Acme Packet: The Ghost in the Machine

| About: Acme Packet, (APKT)

To call Acme Packet's (NASDAQ:APKT) 25 fold rise the last two years parabolic would be an understatement. It's been more like a vertical lift-off starting at $3/share in early 2009 and hitting $77 on 3/4/11. The stock ricocheted off the top of its all time high last month, and you could have scooped it up for $67 on April 1st, but it has since bounced back to the $75 range. The digerati like this company and it comes as advertised. Its signature technology is the science of our time.

Back in the late 1990s George Gilder used to evangelize about the telecosm (infinite bandwidth) and how increased use of broadband would engulf us and dictate consumer and business behavior. Well that time has come. Acme Packet is serving notice that it is an elite class of technology company and is building a global franchise. The company seemed to be locked into the fertile ground of growth, which is the backbone for Internet 2.0.

If you aren't familiar with Acme Packet's technology, it is "basically building a signaling network for the Internet," says founder and CEO Andy Ory in a recent Investor's Business Daily article. The company's technology is like traffic lights on the information superhighway. Essentially, it provides Session Border Controllers (SBCs), which reside at the outer seams between the loose confederation of IP networks that make up the World Wide Web. When you send anything digital, whether it be text, voice, picture or video, it is broken up into small packets that are sent via many different routes throughout cyberspace to get to its destination. Acme Packet's hardware and software enable that data to smoothly travel through the disparate connections on the Web and reconfigures the bits and bytes once they get to the end of their journey.

Infonetics Research estimates that, "Acme Packet's market area... is expected to grow to $865 million in 2014, from $326 million in 2010, for service providers and enterprises," as reported in The Boston Business Journal. The article also went on to say that, "Competitors include Cisco Systems (NASDAQ:CSCO) and Sonus Networks (NASDAQ:SONS), but neither has anywhere near the market share of Acme Packet, which Infonetics puts at 62%." Standard & Poor's concurs with this assessment of the company's dominant position and states that it is over 50%. In the 2010 annual report, Mr. Ory claims that the company has nearly six times greater market share than any competitor. Whatever the number is, it's enormous and it has a big head start on rivals, which now includes Juniper Networks (NYSE:JNPR). A battle royale is brewing, however, Acme Packet has first mover advantage.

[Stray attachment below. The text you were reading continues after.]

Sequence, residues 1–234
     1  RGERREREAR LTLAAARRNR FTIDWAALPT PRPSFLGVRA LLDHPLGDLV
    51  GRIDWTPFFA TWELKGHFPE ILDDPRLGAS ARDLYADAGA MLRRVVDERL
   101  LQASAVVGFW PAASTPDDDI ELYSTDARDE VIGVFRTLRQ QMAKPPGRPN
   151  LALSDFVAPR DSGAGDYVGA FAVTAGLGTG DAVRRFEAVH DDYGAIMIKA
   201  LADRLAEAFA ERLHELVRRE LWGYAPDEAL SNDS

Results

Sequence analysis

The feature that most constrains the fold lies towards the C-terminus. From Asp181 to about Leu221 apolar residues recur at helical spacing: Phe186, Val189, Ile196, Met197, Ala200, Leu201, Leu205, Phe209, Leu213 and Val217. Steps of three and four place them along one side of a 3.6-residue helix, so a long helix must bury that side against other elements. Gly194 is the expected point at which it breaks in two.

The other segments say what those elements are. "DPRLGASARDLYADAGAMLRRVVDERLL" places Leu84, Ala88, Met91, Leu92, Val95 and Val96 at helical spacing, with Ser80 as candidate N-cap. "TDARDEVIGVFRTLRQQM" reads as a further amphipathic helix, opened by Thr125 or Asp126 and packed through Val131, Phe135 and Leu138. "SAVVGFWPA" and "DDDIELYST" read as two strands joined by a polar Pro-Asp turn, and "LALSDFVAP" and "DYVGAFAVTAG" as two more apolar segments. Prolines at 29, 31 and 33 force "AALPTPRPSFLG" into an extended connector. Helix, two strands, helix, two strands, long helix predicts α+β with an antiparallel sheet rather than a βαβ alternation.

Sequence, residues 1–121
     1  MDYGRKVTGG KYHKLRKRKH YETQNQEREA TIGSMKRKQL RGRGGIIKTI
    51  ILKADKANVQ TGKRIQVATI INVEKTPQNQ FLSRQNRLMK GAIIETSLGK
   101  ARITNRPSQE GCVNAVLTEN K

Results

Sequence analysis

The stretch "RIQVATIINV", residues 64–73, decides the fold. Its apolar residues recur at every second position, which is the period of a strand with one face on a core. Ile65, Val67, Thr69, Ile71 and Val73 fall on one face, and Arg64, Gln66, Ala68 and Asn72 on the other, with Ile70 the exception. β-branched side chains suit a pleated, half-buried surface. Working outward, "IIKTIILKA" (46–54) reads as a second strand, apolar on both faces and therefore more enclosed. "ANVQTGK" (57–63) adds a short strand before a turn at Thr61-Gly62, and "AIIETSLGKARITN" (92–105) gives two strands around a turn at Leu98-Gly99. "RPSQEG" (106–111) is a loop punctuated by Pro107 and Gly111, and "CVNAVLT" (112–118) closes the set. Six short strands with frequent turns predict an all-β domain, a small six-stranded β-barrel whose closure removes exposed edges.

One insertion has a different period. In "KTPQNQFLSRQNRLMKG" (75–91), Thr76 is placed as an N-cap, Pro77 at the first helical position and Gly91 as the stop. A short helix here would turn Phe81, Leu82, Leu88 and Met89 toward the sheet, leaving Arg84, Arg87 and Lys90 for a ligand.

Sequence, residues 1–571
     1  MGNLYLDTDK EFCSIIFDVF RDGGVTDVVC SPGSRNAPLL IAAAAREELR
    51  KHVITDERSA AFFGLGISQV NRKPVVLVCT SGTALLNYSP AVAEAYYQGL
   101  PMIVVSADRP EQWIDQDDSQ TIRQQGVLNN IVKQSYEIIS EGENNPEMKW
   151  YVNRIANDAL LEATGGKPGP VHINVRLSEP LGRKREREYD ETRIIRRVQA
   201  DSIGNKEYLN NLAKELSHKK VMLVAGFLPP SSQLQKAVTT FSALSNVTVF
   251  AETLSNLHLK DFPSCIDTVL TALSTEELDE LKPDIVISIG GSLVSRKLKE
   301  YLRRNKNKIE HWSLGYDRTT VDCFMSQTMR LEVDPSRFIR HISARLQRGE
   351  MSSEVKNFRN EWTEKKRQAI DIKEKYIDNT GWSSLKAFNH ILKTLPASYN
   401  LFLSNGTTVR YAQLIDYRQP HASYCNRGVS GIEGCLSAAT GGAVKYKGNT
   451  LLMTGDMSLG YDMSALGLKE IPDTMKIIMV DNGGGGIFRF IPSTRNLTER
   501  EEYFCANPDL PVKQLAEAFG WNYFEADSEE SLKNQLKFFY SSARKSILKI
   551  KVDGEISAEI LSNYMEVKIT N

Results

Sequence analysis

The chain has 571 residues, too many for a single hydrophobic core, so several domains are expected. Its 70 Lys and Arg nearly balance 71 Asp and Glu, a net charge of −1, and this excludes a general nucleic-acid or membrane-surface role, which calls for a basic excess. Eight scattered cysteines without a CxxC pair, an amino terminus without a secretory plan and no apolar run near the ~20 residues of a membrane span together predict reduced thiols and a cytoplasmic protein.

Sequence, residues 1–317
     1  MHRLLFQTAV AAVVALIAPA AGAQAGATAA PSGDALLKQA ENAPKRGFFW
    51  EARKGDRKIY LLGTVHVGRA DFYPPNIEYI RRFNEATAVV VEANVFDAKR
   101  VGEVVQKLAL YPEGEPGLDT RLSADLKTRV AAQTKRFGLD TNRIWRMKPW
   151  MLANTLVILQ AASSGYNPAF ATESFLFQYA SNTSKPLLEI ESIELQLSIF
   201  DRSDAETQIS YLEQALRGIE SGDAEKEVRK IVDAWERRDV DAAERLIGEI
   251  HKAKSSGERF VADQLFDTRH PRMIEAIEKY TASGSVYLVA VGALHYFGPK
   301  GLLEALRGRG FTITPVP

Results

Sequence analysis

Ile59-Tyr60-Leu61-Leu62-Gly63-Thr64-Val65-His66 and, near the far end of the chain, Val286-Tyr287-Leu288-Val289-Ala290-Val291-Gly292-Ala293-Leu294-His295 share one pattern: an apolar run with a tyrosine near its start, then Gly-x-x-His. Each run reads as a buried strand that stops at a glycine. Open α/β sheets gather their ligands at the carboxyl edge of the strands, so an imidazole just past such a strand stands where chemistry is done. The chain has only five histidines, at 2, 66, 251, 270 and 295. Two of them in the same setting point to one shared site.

Acme Packet's current customer list includes 92 of the top 100 telecom service providers in the world, along with 11 Fortune 25 enterprises. The key takeaway from the latest conference call is the potential market ready to unfold in the next five years. CEO Ory estimates that more than $20 billion of legacy systems have been deployed globally to support the old voice landline telephone network and they will have to be replaced with the newer IP technology. In addition, it recently acquired a prized possession in Newfound Communications, an innovative provider of IP session recording technology and believes that this could significantly increase its addressable market, although not beginning until 2012.

Before we call Acme Packet a stock for the ages, I'm going to throw some cold water on the romance and check out the valuations. According to the average analyst estimates on Yahoo Finance, the company is slated to earn $1.08/share for 2011, and $1.44/share for 2012. That translates to a current P/E ratio of 69 and a forward P/E Ratio of 52. Not exactly sticker shock, but still very high when you take its estimated growth into consideration. CAGR for the next 5 years is projected to be 25%, but I'll kick it up a notch to 30% just to give the company the benefit of the doubt for our computations here. At 30% growth, we get a PEG Ratio (price/earnings/growth) of 2.3 for 2011 and 1.7 for 2012. Not too bad if you own it, but much too expensive if you want to buy it.

There's a lot to like about Acme Packet. Its opening gambit against more formidable opponents was not checkmate, but it has rivals scrambling to take advantage of the big land grab, which is the buildout of the backbone of Internet 2.0. Acme Packet has a healthy R&D budget and a global reach. In fact, 40% of business is from international markets. Besides the competition, one large headwind it will be experiencing is managing growth. It's already begun hiring in anticipation of the amplification of business. SG&A expenses could put a damper on earnings going forward. There is also the high BETA of 1.45 according to Standard & Poor's. If the market corrects, small caps like Acme Packet will get hammered. You could pick it up at a much more reasonable valuation.

After doing a fairly substantial amount of research on market direction and valuation, I'm betting that P/E Ratios for individual securities and the indexes will contract in the next decade. That's why I am out of the market now. However, there will be growth in some global market sectors. The expansion of Internet Protocol networks will probably buck the trend of any slowdowns in the global economy and Acme Packet will surely be a beneficiary. The question is, what do you want to pay for it and at what metric? That decision is entirely up to you.

Disclosure: I am short the market with inverse ETFs.